by John Hawes
Following on from our detailed guide to securing your webmail, here’s a quick breakdown of how to make the most important fixes for users of Microsoft’s Outlook.com (formerly known as Hotmail and, for a while, Windows Live Hotmail).
Controls affecting Outlook.com security are mainly found in one central place, which can be accessed by clicking your username (this will probably be your name), shown in the top right of any live.com page when you’re logged in, and selecting “Account settings”.
Your first step should be to make sure your password is well chosen and not shared.
If you need to set a new one, visit the “Security & privacy” section of the Account settings page.
You’ll then have to verify your account with a security code, which you can do by email or text.
At the top you’ll see when your password was last changed, with an option to change it below.
Just below that, in the section labelled “Security info helps to keep your account secure”, you’ll find any backup email addresses or phone numbers you’ve given to Microsoft to help verify your identity if you get locked out of your account.
Make sure these are a good way of getting in touch with you, and are not easily accessible by people you don’t trust.
These contact points will also be used to send alerts if Microsoft spots any suspicious activity – you can choose whether or not to receive alerts by phone and whether to have them sent to multiple email addresses, but the primary alternate email must always get alerts.
If you need help picking a good password then our video should help:
→ Can’t view the video on this page? Watch directly from YouTube. Can’t hear the audio? Click on the Captions icon for closed captions.
On the same screen you can also set up two-step verification.
Scroll down to the next section of the “Security & privacy” page.
When you follow the link to set it up, Microsoft recommends using a smartphone app, which will vary depending on what kind of device you use.
Windows Phone users can get Microsoft’s own authenticator app, Android users can use the Microsoft Account app, and those with iOS devices will need Google’s multi-purpose Authenticator.
Each has its own process for setting up, but most will simply require you to scan a QR code displayed on-screen. Once set up, you should be able to use the code generated by the app any time you want to log in to your account.
If you choose not to use an app, or don’t have a smartphone, you can have codes sent by SMS to the number you provide, or by email to one of your alternative accounts, but Microsoft will continue encouraging you to opt for the app approach, at least until you tell it to stop.
When you log in with a 2SV code, there will be an option to trust the device you’re using and not ask for any more codes, so in future you’ll only need your normal password.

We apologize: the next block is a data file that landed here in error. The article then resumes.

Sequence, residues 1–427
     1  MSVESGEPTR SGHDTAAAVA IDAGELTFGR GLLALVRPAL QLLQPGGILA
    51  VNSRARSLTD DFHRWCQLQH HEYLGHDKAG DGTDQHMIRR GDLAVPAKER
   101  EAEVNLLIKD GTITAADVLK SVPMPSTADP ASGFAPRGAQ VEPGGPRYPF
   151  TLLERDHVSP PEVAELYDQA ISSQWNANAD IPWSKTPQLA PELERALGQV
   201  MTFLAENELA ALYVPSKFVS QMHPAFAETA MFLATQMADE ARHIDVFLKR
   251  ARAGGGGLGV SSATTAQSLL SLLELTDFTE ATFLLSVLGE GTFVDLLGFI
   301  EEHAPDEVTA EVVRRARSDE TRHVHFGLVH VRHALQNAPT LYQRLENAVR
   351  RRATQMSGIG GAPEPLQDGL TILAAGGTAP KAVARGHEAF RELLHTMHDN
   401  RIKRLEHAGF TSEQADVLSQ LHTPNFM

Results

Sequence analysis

Only check the box if you’re on a machine you use regularly and know to be kept well-secured.
As part of setting up 2SV, you’ll be given an emergency backup code. This is used if you ever lose access to the apps, phone numbers and email addresses provided for 2SV codes.
Outlook.com recommends you print it and keep it somewhere very safe, but if you find it easier to keep it in a file on your (well secured) computer, make sure it’s very well encrypted.
In the “Recovery codes” section you can choose to renew the emergency backup code if you no longer have it.
You should consider checking the “Security & privacy” page occasionally, to make sure the backup and 2SV contact details are up to date – check that any old devices you no longer have are removed from the “Security info” or “App passwords” sections.
There’s no way to monitor which devices have been marked as trusted for 2SV purposes, but at the bottom of the “Security & password” page you can at leastremove trust from all machines, cutting off anyone who may have obtained unauthorised access.
There’s a whole section of the “Security & Privacy” area dedicated to “Recent activity“.
This is the place to go if you suspect someone’s been intruding on your account. You can view a detailed list of logins, attempts, 2SV challenges and significant settings changes, and for each one there is further information on the device type and browser or app used, the IP address and location.
There’s even a little Bing map pinpointing where the IP address appears to come from, but this may not be very accurate, particularly for things like POP access from a mobile mail client.
In case you’re worried about any particular event, the details area for each one provides a large button marked “This wasn’t me”. Clicking this will lead to a review of your security settings, including resetting your password to make sure strangers are kept out.
Finally, the “Related accounts” section, under “Security & Privacy” lets you view and manage any accounts you have linked to your Outlook.com account, and also any other apps and services which may have been granted access.
You should make sure any entries in here are expected and necessary.